Make your children feel like they have some say in where you live. If you can actually take them with you, turn the process into a quest or game, like bingo. On the bingo card, check off appealing features for each house you look including the number of bedrooms, a basketball hoop, a pool, etc.
If you can’t physically take your children house-hunting, take plenty of pictures to show them afterwards. Show them which room would be theirs, what the backyard looks like, and so on. Familiarizing them with the new house before the move will make the transition that much easier.
- Create a playlist.
Music keeps your kids happy and motivated. You can create one big playlist for the entire process, or you can even create a few playlists for each step: packing, driving, and unpacking. Compile a bunch of favorite songs or look for music that has to do with travel, saying goodbye, change, and so on. You can even make packing a sort of dance-just pack to the beat of the music.
- Create a contact book.
You have several options if you want to create a contact book, and you can decide which will work best for your child. Make a scrapbook and compile photos of places and friends, as well as email addresses and phone numbers.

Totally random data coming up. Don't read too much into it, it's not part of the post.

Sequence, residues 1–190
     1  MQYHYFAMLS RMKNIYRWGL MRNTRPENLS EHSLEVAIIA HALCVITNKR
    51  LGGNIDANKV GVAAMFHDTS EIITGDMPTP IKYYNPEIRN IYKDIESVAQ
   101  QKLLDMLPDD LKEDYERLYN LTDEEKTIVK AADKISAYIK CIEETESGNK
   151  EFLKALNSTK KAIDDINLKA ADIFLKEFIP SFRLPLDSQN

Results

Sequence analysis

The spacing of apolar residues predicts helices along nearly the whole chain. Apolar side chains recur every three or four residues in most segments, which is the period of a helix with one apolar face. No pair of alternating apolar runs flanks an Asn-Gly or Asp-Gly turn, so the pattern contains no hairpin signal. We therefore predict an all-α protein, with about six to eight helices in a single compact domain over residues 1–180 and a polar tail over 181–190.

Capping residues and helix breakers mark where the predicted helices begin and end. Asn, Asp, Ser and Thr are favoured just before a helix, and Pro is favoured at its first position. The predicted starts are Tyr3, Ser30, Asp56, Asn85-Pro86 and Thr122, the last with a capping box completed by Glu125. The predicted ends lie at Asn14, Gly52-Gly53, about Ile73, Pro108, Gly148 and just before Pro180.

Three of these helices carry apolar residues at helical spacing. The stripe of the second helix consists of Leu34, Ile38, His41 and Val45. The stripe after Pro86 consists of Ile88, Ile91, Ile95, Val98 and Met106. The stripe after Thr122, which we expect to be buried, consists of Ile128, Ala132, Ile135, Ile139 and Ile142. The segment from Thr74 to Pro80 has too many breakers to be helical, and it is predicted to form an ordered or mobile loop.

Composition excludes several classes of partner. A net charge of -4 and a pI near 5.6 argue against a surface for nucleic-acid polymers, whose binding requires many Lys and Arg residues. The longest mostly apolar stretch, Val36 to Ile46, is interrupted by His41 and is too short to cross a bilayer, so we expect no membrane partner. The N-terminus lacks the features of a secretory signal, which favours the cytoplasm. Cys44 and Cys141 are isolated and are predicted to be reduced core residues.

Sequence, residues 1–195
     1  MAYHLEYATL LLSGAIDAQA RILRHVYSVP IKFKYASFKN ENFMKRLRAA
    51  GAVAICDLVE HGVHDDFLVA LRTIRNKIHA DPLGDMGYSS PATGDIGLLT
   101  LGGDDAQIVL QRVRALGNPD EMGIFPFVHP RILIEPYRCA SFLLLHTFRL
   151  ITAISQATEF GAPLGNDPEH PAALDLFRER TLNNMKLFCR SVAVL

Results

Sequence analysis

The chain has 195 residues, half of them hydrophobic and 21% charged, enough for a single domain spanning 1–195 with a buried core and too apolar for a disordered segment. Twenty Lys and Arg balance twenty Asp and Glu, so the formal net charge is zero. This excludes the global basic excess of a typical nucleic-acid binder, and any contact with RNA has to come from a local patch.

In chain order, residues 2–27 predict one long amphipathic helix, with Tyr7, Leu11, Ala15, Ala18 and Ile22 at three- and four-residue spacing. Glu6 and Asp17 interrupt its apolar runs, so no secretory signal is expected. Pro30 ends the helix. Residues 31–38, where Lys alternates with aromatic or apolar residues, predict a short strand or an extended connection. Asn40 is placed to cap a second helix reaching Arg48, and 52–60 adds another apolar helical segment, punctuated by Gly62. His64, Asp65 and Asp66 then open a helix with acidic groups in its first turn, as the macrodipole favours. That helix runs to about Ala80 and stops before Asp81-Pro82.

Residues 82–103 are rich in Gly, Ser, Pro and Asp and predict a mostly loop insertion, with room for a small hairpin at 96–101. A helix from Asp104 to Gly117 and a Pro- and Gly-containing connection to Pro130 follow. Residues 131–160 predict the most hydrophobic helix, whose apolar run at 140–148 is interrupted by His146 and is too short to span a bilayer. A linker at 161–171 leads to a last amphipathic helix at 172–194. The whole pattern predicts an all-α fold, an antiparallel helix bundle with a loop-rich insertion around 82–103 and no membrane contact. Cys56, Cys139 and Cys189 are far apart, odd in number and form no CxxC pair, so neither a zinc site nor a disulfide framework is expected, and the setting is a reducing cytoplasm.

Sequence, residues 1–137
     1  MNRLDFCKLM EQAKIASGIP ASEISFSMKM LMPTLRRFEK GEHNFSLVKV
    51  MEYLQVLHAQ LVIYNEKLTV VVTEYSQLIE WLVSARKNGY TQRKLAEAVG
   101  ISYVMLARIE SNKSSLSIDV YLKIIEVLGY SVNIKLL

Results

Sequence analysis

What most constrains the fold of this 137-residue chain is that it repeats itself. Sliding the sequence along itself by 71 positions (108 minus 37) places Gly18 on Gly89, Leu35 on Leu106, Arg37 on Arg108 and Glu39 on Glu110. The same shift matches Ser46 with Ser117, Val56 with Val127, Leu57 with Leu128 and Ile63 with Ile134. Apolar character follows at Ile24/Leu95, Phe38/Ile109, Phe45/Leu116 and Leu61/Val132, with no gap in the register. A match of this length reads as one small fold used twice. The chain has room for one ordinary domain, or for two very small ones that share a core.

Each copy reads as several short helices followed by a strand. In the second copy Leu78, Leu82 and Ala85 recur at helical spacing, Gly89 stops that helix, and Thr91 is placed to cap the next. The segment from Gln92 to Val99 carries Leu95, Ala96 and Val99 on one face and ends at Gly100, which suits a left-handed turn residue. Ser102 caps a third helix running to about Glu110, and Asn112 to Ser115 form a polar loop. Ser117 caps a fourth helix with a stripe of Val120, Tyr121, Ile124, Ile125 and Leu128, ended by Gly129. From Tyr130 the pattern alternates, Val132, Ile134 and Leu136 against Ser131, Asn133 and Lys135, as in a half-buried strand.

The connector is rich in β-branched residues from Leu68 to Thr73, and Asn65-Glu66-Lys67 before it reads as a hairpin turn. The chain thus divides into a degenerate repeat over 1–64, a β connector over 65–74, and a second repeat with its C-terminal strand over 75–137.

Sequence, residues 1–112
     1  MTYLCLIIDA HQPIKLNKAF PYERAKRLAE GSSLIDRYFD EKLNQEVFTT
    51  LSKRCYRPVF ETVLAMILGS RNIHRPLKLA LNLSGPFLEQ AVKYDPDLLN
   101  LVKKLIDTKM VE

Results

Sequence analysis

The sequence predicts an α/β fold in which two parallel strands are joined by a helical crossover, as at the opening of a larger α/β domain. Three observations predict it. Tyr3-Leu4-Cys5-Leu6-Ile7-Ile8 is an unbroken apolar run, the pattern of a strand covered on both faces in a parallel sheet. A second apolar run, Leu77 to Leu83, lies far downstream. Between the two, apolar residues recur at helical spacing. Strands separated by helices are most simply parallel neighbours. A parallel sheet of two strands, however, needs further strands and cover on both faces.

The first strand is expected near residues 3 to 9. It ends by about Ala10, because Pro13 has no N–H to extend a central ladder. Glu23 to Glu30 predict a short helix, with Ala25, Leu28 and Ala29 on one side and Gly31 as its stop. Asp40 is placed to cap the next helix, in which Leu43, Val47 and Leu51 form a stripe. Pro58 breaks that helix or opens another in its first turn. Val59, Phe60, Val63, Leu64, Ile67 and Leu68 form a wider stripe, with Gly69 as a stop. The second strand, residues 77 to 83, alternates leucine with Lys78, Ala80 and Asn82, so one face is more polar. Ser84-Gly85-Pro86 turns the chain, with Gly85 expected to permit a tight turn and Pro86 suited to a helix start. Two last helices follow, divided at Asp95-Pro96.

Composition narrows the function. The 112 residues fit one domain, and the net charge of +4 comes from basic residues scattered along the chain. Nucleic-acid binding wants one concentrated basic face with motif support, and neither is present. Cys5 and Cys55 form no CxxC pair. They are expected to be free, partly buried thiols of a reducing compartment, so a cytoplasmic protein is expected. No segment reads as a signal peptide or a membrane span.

If your children get a yearbook at the end of the school year, help them get their friends’ contact information along with well wishes and signatures. If your children are too young to put together a contact book themselves, have someone special to them do it, like their grandparents or a favorite babysitter.
- Pack a “treasure box”.
Have one box for each child. Your children can put their favorite things inside: blankets, books, stuffed animals, so on. They can even decorate the box with stickers and markers. Like with the contact book, if your children are too young to decorate themselves, have someone special decorate it for them.
Make sure this box stays with you instead of putting it in the moving truck. This way, your kids can open it first thing at the new house. You can even have the box in the car with your children so they can even have their favorite things with them on the journey. When you finally arrive at the new house, they’ll already have something special and familiar to make the place feel like home.
- Plan something fun.
Take everyone’s minds off the sadness of leaving friends behind and the fear of something new by doing something fun on the way there. Find an amusement park, a museum, a water park, a national park, or any other fun attractions that lies along your route. This tip doesn’t just apply to your kids either-you can enjoy it too. Just relax and have fun, and let the stress of the move float away for a couple hours.
Make the move an adventure, and include your kids in the process. You’ll be happier, they’ll be happier, and you’ll all be much more prepared to get accustomed to your new home.